Labor Party strikes back

WA OPPOSITION Labour Relations spokesman John Kobelke has hit back at claims that his party’s industrial relations policy will open small businesses up to union intimidation.

The Labor Party’s IR direction statement called for the scrapping of the Court Government’s second and third waves of IR law.

It also called for the scrapping of the Workplace Agreement Act, replacing individual contracts with Employee Employer Agree-ments.

These EEAs are to be backed by Award conditions rather than the minimum conditions of employ-ment set in place by the Government.

Labour Relations Minister Cheryl Edwardes said scrapping WA’s industrial relations law changes would allow Labor’s “union mates” to be reinstalled as the dictators of pay and conditions in every WA workplace.

Mrs Edwardes said Dr Gallop’s plan to scrap the Government’s IR laws would “deny non-union employees protection from intimidation by union officials over time and wages records, deny employees a reasonable say over their financial superannuation affairs and allow cart blanche strike action with no dispute settlement procedures in every award and industrial agreement and intimidation during strike votes”.

“But what Dr Gallop really wants is to scrap political expenditure rules that give workers the right to decide which political party they support, not the party union officials decide they will back,” she said.

“Repealing this legislation also gives union officials the ability to enter any workplace at will to intimidate workers and disrupt workplaces.

“In short, unions – who represent only one in five workers – will run workplaces, not workers and business owners.”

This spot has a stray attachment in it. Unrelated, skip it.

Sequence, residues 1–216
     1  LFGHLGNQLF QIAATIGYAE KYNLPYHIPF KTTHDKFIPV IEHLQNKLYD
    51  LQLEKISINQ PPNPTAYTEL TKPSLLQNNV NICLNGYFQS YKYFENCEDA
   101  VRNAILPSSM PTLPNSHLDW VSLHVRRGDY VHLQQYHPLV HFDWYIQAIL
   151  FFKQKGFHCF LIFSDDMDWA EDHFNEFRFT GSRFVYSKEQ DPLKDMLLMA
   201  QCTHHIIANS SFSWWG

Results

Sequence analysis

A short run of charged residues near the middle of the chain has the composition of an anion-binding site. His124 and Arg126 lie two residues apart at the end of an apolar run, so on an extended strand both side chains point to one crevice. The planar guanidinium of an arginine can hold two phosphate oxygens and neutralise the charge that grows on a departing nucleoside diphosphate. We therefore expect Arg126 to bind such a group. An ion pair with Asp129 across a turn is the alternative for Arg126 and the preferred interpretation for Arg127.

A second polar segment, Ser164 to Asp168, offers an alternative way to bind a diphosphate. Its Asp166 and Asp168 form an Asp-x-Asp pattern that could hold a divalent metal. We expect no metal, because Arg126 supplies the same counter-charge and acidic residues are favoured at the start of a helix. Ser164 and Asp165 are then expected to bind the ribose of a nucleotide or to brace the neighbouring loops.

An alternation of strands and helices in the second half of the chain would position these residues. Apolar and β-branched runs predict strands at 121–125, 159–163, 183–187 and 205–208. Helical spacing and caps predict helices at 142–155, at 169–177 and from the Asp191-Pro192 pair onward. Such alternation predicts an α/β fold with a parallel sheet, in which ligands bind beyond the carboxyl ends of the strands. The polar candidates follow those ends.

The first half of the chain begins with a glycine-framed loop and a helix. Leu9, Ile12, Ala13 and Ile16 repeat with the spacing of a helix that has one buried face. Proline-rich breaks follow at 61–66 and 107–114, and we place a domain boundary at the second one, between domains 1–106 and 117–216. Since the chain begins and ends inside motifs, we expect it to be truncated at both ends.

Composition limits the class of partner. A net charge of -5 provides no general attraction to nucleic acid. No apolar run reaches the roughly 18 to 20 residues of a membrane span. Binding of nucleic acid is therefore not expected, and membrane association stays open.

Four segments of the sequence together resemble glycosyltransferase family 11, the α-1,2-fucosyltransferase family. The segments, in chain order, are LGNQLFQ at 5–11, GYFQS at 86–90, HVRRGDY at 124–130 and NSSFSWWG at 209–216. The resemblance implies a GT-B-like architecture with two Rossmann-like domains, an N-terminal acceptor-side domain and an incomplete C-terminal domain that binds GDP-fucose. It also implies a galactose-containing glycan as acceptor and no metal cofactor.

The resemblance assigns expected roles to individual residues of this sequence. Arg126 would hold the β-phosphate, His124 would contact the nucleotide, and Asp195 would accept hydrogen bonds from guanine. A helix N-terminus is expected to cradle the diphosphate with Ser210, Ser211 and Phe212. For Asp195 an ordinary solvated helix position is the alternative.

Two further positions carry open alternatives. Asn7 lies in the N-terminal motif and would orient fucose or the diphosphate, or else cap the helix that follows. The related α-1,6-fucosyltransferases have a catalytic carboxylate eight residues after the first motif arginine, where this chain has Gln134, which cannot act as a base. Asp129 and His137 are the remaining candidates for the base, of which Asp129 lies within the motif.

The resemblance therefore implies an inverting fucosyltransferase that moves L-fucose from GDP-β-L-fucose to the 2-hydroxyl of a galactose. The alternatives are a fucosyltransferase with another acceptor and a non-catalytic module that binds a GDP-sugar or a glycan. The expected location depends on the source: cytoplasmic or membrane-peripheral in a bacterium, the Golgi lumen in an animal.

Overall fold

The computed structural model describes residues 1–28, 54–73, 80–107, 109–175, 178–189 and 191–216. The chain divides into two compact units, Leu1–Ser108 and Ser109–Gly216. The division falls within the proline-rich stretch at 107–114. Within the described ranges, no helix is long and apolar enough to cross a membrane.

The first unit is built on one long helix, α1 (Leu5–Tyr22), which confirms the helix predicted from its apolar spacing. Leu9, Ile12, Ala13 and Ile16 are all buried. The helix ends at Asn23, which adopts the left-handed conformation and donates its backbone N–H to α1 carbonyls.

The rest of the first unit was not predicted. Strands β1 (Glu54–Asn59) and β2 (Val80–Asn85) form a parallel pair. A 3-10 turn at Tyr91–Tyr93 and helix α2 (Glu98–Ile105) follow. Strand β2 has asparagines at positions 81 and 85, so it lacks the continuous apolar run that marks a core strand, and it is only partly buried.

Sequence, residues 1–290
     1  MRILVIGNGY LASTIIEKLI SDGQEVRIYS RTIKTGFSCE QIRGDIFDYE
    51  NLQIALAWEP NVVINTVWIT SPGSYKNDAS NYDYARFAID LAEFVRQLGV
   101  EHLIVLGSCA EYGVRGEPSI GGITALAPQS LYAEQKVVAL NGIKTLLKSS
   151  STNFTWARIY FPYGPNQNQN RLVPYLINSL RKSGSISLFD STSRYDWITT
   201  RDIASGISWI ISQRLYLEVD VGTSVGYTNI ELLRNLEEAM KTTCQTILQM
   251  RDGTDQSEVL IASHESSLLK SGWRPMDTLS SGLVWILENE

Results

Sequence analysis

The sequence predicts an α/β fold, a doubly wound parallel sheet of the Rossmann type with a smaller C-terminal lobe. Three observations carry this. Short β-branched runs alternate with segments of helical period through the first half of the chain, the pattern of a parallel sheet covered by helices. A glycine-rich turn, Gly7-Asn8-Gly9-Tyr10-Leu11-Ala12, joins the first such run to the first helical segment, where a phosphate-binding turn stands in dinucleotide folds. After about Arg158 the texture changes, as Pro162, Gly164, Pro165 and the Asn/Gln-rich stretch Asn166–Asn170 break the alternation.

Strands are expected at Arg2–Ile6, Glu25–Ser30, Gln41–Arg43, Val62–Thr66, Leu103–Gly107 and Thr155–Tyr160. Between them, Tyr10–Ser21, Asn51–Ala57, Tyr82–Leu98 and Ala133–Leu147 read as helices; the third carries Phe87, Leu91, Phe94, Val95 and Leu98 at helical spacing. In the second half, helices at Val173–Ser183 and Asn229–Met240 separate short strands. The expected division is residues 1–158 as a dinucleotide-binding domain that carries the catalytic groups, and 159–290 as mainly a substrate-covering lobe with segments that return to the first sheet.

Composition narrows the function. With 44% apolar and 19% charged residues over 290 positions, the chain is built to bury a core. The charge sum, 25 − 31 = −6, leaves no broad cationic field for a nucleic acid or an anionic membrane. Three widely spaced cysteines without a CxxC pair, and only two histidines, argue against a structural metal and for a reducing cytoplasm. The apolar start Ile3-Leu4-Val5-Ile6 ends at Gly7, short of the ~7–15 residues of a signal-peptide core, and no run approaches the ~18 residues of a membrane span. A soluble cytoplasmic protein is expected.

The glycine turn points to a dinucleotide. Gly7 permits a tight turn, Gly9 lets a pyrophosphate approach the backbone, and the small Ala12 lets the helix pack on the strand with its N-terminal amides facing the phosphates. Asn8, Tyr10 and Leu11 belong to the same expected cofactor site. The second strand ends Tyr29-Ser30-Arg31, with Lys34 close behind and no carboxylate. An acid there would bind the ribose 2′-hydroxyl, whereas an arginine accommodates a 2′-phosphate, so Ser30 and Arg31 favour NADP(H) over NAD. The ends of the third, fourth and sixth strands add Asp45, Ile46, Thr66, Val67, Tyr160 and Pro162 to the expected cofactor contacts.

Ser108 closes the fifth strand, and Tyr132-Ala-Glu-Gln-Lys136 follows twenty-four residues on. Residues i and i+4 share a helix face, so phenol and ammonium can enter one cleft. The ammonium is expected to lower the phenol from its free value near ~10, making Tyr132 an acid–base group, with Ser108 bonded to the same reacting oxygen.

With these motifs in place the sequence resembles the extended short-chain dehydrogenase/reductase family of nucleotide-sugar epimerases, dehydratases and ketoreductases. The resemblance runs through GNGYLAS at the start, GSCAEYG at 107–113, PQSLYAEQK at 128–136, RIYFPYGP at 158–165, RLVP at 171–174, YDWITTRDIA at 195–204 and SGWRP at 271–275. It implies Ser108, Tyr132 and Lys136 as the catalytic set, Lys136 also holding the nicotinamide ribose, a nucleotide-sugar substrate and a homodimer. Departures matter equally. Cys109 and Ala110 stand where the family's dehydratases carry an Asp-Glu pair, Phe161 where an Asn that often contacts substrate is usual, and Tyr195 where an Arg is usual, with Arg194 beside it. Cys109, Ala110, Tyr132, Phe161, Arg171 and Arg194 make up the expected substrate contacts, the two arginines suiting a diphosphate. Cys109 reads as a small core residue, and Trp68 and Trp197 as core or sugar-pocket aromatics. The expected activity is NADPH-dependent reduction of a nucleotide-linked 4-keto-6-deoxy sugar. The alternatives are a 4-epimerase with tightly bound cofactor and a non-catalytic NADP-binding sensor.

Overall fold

“WA companies have to decide whether they are going for high quality, high technology production or ratcheting their prices down to compete with Asia.”

John Kobelke

Mr Kobelke said he rejected the view that unions would be handed more power.

“This won’t give the unions an upper hand. It gives them a level playing field,” he said.

Mr Kobelke said a Labor Government would countenance non-union agreements.

“We are giving employers the flexibility to come up with other agreements if there is no union covering their industry,” he said.

“Where there is no award covering an industry, the minimum conditions of employ-ment will stand. We will give the Industrial Relations Commission the respon-sibility to set those minima.

“These minimum conditions won’t have the details of an award, however, they will come close to an hourly award rate.”

Mr Kobelke said the commission would work out the details of packaging awards to create an hourly rate for individual contracts.

“Outside parties will not be allowed to intervene in individual contracts,” he said.

“However, third parties can approach the commission regard-ing the packaging of the award conditions.

“It’s largely how the Federal Australian Workplace Agree-ments work.”

Mr Kobelke said Labor would not allow the under-cutting of basic award standards.

“WA companies have to decide whether they are going for high quality, high technology product-ion or ratcheting their prices down to compete with Asia,” he said.


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